"There is a thorough vetting process involved when the president intends to nominate someone. Our vetting process looks at all the issues related to a potential nominee's personal, professional, and financial background, and we did this in this instance, as well," McClellan said Monday.

Lawyers from the White House counsel's office also spends time with that candidate, McClellan said, nothing that, "in that process, we do rely on that candidate to provide us with all the information necessary."

He added that the White House is "moving forward with finding a replacement" for Kerik.

But some lawmakers aren't satisfied with the current vetting process.

"I'm not sure how much background checks were done before the announcement," said Louisiana Sen. John Breaux, a Democrat. "Sometimes it's difficult to have those things completed before they make their announcement. But when you don't have it done before, you run into these type of situations."

Giuliani said the president's aides did all they could.

"They did everything that they could do. They asked the right question, same question I asked many, many times when I did this. They asked him, 'is there any complications with your domestic situation,' you know, domestic workers or something like that."

Giuliani said Kerik could never have survived the Senate confirmation hearings. As homeland security director, Kerik would have run the immigration department.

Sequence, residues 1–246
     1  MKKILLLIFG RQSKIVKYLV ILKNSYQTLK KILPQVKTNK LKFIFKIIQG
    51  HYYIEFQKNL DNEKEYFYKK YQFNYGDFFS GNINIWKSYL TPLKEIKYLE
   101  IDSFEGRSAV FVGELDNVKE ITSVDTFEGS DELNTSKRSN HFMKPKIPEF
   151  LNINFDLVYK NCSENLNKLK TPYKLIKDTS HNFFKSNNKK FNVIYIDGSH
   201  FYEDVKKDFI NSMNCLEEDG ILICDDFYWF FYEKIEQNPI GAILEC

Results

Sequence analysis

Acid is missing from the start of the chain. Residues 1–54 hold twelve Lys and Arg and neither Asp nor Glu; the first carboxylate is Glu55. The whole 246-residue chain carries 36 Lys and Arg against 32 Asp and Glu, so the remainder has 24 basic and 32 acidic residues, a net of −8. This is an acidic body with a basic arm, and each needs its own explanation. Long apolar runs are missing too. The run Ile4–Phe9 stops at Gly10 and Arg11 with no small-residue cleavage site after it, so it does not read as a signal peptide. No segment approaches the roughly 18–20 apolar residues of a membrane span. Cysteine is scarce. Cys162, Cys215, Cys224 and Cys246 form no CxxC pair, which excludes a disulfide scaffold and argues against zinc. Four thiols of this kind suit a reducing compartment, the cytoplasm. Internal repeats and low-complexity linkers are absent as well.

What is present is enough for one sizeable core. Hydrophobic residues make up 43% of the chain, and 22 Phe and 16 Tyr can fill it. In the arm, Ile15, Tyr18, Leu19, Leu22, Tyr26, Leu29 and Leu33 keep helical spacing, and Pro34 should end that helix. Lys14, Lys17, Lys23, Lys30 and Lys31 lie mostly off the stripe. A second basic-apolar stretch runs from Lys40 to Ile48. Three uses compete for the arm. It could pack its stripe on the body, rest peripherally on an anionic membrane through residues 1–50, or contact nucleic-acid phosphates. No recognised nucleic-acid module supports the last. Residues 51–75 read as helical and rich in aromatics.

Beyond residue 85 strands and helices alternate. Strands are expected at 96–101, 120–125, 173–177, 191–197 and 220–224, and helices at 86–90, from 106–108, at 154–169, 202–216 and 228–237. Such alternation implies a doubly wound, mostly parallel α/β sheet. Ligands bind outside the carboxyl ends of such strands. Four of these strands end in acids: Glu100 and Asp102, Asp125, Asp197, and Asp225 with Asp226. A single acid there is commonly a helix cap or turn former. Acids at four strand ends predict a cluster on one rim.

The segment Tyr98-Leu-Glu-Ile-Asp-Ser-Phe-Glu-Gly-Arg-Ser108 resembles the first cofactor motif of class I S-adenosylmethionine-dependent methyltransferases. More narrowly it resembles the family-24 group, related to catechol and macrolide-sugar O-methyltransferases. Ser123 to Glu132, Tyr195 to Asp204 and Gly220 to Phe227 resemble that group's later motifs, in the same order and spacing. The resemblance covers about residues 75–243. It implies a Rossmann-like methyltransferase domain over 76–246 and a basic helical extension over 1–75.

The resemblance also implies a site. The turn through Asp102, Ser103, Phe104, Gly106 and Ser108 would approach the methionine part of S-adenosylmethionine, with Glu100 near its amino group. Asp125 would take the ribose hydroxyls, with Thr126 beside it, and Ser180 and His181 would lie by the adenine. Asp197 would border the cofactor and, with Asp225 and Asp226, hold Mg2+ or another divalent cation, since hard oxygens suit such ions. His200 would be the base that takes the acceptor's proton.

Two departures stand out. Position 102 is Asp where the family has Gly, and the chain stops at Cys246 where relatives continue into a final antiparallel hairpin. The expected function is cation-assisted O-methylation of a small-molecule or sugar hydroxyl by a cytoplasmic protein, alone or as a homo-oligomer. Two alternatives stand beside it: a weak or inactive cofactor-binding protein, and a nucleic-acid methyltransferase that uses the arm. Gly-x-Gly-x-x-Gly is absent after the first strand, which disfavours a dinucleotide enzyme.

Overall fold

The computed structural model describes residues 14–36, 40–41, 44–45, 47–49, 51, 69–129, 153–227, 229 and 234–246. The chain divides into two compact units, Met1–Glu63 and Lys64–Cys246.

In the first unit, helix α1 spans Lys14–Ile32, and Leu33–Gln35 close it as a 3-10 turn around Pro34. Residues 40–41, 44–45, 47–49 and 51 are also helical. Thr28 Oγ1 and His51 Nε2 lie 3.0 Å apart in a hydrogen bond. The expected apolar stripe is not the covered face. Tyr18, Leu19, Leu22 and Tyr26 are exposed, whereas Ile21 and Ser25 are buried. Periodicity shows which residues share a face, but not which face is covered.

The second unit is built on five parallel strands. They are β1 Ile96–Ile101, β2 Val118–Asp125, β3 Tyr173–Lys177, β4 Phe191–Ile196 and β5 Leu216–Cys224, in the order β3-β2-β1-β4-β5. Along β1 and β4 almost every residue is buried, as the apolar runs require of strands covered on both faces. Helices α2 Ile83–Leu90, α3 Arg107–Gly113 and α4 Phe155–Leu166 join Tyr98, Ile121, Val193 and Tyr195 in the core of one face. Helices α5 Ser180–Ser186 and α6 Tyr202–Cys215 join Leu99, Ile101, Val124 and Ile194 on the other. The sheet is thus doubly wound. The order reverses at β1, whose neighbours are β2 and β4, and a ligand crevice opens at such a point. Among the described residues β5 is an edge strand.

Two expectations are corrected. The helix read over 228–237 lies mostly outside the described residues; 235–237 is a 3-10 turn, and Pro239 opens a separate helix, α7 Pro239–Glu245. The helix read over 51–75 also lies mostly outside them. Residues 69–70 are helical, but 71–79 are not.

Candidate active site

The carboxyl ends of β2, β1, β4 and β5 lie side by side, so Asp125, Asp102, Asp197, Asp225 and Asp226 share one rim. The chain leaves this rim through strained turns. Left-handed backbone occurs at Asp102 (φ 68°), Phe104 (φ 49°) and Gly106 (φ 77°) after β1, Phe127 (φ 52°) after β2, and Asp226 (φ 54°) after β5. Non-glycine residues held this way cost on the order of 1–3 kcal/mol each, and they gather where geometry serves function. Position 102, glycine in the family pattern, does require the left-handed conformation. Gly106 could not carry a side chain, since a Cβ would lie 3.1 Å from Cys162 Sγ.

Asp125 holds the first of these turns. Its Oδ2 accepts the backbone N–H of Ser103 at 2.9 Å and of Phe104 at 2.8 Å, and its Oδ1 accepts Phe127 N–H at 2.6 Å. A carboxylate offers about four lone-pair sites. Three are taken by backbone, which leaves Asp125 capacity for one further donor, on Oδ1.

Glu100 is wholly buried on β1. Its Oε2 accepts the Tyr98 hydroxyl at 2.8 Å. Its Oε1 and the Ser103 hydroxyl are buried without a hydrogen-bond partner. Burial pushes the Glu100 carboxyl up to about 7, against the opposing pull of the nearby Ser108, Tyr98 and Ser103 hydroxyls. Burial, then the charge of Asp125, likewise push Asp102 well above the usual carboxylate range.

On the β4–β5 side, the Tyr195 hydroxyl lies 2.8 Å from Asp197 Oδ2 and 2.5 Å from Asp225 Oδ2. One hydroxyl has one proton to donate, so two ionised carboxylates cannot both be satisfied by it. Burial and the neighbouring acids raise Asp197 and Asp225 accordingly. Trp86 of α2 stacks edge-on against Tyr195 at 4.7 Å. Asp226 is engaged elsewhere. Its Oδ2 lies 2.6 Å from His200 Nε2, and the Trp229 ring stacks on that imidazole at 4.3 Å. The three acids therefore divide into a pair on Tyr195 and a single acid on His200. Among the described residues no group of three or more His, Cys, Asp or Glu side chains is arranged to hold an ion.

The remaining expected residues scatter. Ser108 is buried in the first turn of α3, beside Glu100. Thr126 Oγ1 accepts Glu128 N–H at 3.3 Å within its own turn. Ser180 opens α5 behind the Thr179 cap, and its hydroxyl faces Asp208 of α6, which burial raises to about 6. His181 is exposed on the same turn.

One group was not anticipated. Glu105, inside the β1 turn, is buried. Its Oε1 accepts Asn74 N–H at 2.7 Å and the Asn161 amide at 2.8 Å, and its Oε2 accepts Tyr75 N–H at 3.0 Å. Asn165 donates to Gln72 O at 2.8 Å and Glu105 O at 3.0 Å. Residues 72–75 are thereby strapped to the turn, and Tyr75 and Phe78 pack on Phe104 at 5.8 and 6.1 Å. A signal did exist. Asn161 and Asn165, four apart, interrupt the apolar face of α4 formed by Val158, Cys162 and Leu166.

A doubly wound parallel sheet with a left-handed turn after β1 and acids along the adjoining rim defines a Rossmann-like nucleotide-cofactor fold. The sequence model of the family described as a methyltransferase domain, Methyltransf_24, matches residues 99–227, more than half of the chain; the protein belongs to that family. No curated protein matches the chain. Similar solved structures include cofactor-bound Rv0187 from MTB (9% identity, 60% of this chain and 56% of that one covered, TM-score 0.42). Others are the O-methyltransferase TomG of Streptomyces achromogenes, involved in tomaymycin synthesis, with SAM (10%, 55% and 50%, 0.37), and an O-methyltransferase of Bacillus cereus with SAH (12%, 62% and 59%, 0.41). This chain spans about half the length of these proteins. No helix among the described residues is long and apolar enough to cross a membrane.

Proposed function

Giuliani said Bush administration officials asked Kerik from the beginning whether there were any issues involving domestic employees.

"He didn't think he had a problem," Giuliani. "He made a mistake."

But others said the back-end process wasn't to blame.

"This all is on Bernie Kerik, I don't think it's on the vetting process," Murphy said. "I really don't think it's fair to blame George Bush for that."

Bush, leaving a Maryland hospital after his annual physical Saturday, ignored a question about Kerik's withdrawal.

Bush advisers, now having to deal with the kind of messy situation they had so far avoided, were taking Kerik at his word that he had not intentionally misled them, the official said.

Because the issue involved immigration — and the Homeland Security Department includes the immigration agency — Kerik had no choice but to withdraw, Giuliani said. "Every time immigration issues came up this would be a problem."

"It would have been a bitter, difficult battle that probably would have ended without him getting confirmed," Giuliani said.

In an AP interview, Kerik said that on Wednesday — five days after Bush announced his selection — he discovered financial records "that led me to question" whether proper taxes had been paid for the housekeeper. By Friday, he said, "I came to realize ... there may have been a question with regard to her legal status in the country."

Some lawmakers have also questioned whether Kerik had the management experience to oversee the department, which has 180,000 employees.

Democrats also focused on potential conflict of interest issues because of Kerik's recent $6.2 million windfall from exercising stock options in a stun gun company that does business with the federal department.

According to a report in Newsweek, Kerik also was involved in a civil dispute six years ago after he failed to pay maintenance fees on a New Jersey condominium he owned. At one point an arrest warrant was issued, the magazine said.

Kerik on Saturday denied an arrest warrant was ever issued, but said he had been ordered to appear at a foreclosure hearing.

FOX News' Liza Porteus and Wendell Goler and The Associated Press contributed to this report.